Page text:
With capital still hard to come by and sales stagnating at many dining chains, a growing number of restaurant companies are reviewing the alternatives to business as usual.
So far this year, at least five restaurant companies — including Benihana Inc., California Pizza Kitchen Inc., Bugaboo Creek owner CB Holding Corp. and Salsarita’s Fresh Cantina — have said they are looking into options for increasing shareholder value, a process euphemistically called “exploring strategic alternatives.”
The process, which can take months to complete, is typically thought of as a precursor to a sale — but it doesn’t have to be.
“A lot of the time, it’s just code that we’re looking for someone to buy us,” said Robert Weible, a partner at law firm Baker Hostetler. Weible served as the legal representative for the special committee of Wendy’s board of directors during the burger chain’s sale to Triarc Cos. Inc. in 2008. “But it also could signal a true review of a lot of options,” he said.
Those options could include acquiring another business — a step taken by IHOP in its 2008 acquisition of the Applebee’s chain — or converting franchised locations into company-operated stores.
Sizing up options
The road taken frequently depends on the state of a company’s financial statements, shareholders’ happiness with the company’s performance and whether a buyer is waiting in the wings.
For Benihana, plans for expansion also have become a factor. Earlier this month, Benihana’s chief executive, Richard Stockinger, said in a statement, “Several large shareholders have expressed disagreement with the board and have indicated a desire to seek board membership to pursue a change in the company’s strategic direction.”
Stockinger added that the company also was taking the step in order to access more capital to expand.
“Growth would be predicated on raising additional capital, and the company is reluctant to issue new equity at current price levels,” he said.
Morningstar restaurant analyst R.J. Hottovy said Benihana’s situation is far from unique.
“Equity financing is not an alternative” for most restaurant companies now, he said. “We’re still at a point where a lot of restaurant companies are well off their historic valuations.”
Weible, the head of the Baker Hostetler securities and corporate governance practice team, said a company’s financial performance could also push management to look to a sale in order to raise cash.
“You’ve got declining financial performance, and that decline is such that you don’t have good options for simply raising money on a standalone basis — it would be too expensive for you to issue stock or borrow money to solve the problem,” he said.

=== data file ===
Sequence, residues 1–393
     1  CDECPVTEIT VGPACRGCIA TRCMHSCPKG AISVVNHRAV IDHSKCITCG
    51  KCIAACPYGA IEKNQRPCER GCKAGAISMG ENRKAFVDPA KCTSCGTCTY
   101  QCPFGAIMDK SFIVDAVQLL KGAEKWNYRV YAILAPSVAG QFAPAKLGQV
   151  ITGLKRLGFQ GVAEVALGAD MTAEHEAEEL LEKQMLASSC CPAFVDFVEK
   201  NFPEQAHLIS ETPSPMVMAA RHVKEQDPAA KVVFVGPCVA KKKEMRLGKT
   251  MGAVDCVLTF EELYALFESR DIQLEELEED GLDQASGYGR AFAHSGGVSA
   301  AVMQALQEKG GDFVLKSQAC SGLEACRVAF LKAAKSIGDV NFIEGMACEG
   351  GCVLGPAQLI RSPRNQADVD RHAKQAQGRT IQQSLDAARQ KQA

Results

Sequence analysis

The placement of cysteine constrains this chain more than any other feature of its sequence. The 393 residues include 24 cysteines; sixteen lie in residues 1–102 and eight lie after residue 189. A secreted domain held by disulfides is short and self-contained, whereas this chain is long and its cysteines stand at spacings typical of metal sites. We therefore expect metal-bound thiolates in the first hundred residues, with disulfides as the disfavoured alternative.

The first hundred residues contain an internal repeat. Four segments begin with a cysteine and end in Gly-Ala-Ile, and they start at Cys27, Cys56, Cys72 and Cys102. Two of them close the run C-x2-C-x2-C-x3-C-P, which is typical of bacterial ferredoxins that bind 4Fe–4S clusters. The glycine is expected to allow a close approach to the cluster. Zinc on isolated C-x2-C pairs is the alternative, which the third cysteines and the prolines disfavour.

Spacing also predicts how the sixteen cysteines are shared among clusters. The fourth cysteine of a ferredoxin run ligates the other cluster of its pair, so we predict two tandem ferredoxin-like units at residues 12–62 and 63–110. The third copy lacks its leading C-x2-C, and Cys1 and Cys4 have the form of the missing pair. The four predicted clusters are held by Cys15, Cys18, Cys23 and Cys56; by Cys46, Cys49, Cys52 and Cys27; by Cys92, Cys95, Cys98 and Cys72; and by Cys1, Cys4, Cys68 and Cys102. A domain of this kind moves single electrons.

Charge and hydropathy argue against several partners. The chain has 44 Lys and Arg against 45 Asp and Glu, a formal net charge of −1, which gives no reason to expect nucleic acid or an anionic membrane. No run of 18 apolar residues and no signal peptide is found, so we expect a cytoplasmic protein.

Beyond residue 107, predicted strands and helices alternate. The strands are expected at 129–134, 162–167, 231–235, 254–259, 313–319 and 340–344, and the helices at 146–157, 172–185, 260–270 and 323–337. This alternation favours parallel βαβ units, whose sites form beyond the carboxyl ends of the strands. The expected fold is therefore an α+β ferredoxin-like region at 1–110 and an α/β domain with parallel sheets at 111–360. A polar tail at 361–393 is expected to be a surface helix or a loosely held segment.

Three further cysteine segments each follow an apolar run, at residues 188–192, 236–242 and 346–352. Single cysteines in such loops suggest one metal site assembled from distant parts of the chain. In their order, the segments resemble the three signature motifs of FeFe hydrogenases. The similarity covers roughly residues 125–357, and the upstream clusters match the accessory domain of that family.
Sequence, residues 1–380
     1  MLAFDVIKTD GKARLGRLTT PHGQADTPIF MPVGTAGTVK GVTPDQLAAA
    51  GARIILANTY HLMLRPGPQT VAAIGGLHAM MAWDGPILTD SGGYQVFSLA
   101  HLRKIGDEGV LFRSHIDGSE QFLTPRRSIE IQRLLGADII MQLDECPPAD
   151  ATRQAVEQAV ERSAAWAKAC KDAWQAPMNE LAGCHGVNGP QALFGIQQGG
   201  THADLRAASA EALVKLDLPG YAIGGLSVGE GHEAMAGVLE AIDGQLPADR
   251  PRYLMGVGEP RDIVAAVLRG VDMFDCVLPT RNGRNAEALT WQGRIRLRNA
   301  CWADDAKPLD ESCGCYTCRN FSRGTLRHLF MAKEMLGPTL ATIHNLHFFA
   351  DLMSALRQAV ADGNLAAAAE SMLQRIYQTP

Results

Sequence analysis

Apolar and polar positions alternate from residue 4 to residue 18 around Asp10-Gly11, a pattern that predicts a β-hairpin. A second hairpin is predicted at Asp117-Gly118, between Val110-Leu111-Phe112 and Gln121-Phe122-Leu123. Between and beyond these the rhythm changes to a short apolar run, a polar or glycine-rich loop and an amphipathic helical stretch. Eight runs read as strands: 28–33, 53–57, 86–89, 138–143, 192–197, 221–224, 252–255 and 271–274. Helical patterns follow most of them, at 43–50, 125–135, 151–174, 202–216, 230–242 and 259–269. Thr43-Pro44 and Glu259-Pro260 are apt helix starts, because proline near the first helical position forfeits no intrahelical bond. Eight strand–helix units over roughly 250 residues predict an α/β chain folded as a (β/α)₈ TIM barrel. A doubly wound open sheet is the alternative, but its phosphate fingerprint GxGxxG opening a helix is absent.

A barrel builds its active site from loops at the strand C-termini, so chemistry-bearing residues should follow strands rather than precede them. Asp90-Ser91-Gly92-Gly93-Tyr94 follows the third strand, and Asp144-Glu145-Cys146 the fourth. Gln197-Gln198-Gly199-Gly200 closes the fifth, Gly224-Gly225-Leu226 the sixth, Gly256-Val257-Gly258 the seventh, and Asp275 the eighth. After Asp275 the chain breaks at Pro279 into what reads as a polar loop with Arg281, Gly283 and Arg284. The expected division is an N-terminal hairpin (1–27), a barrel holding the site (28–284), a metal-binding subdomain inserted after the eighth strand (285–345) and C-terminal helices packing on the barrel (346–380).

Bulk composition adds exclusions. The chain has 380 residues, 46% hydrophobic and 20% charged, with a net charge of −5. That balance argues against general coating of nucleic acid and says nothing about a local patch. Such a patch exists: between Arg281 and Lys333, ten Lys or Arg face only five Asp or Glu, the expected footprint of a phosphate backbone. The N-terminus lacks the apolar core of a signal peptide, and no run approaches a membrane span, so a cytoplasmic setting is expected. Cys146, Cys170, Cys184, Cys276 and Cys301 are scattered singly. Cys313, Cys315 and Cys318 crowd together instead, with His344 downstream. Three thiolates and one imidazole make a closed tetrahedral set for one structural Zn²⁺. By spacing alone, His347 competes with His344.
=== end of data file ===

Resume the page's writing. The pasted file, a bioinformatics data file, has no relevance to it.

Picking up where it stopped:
A sale could be even more enticing, he added, if a potential buyer offers a high premium over the company’s current trading value.
“It might be hard to say no,” he said.
Looking for bites
With so many deals being made in the restaurant space in recent months, that scenario isn’t so far-fetched. Restaurant companies with falling stock prices and sliding sales may offer a private-equity firm a good value.
After a year or more of little to no activity, private-equity deals have suddenly become far more common in the restaurant space since the year began. Most recently, shareholders at CKE Restaurants Inc., which owns the Carl’s Jr. and Hardee’s fast-food chains, approved the company’s sale to Apollo Global Management LLC earlier this month. Private-equity firm Mill Road Capital L.P. purchased Rubio’s Fresh Mexican Grill in May after Rubio’s completed a seven-month review of its strategic options. Roark Capital Group, meanwhile, bought the Wingstop chicken wing chain in April.
Stifel Nicolaus analyst Steve West said the activity could be leading chains to float a potential sale to see if a bidder bites.
“What they’re trying to do is signal to investors that there’s inherent value here,” West said. “They see some of this activist activity and are looking at a lagging stock price and they say, ‘You know what? Maybe we can do this better’” by putting the company up for sale.
After California Pizza Kitchen announced in April it was exploring its strategic options, Wall Street analysts speculated the company was looking to make a sale. RBC Capital Markets analyst Larry Miller wrote in a note to investors that month that California Pizza Kitchen was likely “testing the waters to see if they can get an acceptable bid.” In June CPK officials said the exploration process was continuing, and no further comments were expected until a course of action was chosen.
Certainly not every exploration leads to a sale. Companies with franchised locations have other alternatives to raise capital, including selling company-owned stores to a franchisee. DineEquity Inc., for example, announced recently it planned to sell 63 of its Applebee’s corporate locations to its largest franchisee, Apple American LLC, for $32 million. The company, which also owns the IHOP chain, said the deal would allow it to pay down debt.
DineEquity has been refranchising its Applebee’s chain since 2007 when IHOP Corp. said it would buy the Applebee’s brand and rename the resulting company DineEquity. IHOP’s acquisition came about five months after Applebee’s announced it was exploring its options. IHOP, in turn, had been looking to enhance shareholder value for the prior year and a half.
The Applebee’s review coincided with the start of sliding same-store sales at casual-dining companies as consumers began cutting back on eating out. The company also had recently turned over a stake and two board seats to activist shareholder Breeden Capital. Its founder, Richard Breeden, had been pressuring the company to improve its operations.
A review also can lead a company right back where it started. In April of last year, Cosi Inc. said it was ending its nearly six-month review of strategic options and sticking with the same business plan.